“Did God set grapes a-growing, do you think,
And at the same time make it sin to drink?
Give thanks to Him who foreordained it thus–
Surely He loves to hear the glasses clink!”
Isn’t it ironic that some of the most universally acclaimed praise for and passion in wine and other worldly pleasures came from one of the most distinguished poets of Islam, a religion which supposedly bans drinking?
The above quatrain, known widely as rubaiyyat (which means made up of four), written by Omar Khayyam, is one of thousands, in which he encourages the individual to live the life in full and in the process, not to neglect the pleasures, including those that come with good wine.
As we enter the festive season, there will no doubt be lots of wine drinking, in addition to other kinds of liquor.
And no one probably would dare challenge the supreme position of liquor in any celebration: whether one celebrates a family get- together, an anniversary or an accomplishment, liquor, in one form or another, is always good company, allowing the individual to feel a little more relaxed, rise above daily concerns or troubles with a giddy lightness and lots of laughter.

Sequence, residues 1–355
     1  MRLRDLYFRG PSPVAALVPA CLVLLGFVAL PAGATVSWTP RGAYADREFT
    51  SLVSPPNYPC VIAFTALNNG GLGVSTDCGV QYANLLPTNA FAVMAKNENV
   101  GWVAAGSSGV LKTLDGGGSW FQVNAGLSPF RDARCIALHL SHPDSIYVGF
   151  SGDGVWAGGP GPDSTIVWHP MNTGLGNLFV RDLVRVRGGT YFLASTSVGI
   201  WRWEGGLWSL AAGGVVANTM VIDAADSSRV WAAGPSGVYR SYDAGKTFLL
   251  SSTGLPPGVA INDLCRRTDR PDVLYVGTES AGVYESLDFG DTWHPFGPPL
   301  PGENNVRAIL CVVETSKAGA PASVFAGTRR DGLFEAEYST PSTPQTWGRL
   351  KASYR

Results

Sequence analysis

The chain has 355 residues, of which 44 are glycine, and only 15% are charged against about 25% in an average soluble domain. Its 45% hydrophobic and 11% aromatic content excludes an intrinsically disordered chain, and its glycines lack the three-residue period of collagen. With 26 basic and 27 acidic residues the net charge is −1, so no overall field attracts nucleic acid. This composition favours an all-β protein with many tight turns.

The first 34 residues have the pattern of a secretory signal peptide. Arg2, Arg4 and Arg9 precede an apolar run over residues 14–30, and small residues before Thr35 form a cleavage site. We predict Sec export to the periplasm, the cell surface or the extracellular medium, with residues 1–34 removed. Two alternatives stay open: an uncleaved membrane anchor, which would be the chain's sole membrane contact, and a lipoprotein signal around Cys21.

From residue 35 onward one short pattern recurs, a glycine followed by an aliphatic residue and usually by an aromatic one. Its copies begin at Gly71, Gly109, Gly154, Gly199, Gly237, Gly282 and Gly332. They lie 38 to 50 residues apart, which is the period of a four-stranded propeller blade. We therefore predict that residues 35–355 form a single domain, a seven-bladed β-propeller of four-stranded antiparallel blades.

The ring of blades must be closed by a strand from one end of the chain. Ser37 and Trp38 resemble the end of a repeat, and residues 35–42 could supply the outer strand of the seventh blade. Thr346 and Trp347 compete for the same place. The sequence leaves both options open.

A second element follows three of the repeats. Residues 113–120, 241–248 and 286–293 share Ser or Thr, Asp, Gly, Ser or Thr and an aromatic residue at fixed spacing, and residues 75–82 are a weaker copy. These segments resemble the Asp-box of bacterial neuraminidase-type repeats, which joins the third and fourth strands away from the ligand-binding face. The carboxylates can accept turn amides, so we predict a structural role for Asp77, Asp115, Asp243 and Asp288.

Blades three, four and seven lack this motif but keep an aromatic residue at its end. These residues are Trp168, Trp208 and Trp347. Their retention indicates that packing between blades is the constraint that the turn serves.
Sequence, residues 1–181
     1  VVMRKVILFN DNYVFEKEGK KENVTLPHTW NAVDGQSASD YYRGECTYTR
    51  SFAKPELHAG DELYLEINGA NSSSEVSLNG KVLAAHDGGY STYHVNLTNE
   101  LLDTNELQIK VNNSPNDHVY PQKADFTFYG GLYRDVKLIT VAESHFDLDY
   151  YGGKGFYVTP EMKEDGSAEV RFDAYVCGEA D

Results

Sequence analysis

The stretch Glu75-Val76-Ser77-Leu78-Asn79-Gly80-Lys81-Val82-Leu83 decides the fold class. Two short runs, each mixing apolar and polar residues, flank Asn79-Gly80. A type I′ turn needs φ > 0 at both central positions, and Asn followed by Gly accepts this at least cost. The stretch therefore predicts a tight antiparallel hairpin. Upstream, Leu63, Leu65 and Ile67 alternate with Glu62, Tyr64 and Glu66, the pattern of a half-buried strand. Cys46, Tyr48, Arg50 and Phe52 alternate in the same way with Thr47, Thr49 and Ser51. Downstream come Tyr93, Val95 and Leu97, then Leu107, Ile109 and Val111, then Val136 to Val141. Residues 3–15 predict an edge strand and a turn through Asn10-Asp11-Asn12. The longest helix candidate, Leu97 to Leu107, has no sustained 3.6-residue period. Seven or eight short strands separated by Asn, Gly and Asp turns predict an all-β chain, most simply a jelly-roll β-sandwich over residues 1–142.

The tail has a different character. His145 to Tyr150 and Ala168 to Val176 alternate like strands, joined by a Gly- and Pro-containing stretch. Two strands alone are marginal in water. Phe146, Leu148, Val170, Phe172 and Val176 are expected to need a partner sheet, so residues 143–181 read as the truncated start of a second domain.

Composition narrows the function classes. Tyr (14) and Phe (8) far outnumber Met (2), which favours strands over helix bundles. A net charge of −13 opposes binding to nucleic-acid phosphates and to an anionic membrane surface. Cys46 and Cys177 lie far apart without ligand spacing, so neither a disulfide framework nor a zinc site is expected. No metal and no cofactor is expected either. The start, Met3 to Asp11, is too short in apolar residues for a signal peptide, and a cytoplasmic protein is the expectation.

During the Christmas celebrations, we will all be sipping some wine, or whisky or vodka, an alcoholic drink of one sort or another.
The problem with this source of relaxation is that, as we all know, it is difficult to keep the level of relaxation in check: It may quickly and unknowingly get out of hand, and easily turn any celebration into a tragedy.
The worst is the possibility that one harms not only oneself, but may inflict injury or death to others. In our age and culture, this is mostly done through drinking and driving.
RCMP have just announced that, as part of their commitment to ensure public safety, they are going to step up their patrols and checks on highways to prevent collisions and injuries as a result of impaired driving.
“This holiday season, if you drink and drive, your luck will run out, you will get caught,” said an RCMP statement.
Those who drink and drive probably know that impaired driving has little to do with luck: it is just a matter of consideration.
If one retains just a minimum level of sobriety to question one’s ability to drive, particularly on icy and slippery roads, before turning the ignition, many collisions, injuries and loss of life can be averted.
Let’s hope that those who will be drinking over the Christmas season will be as modest in their consumption as Omar Khayyam was in asking for favors in life:
A gourd of red wine and a sheaf of poems
A bare subsistence, half a loaf, not more
Supplied us two alone in the free desert:
What Sultan could we envy on his throne?
— Mustafa Eric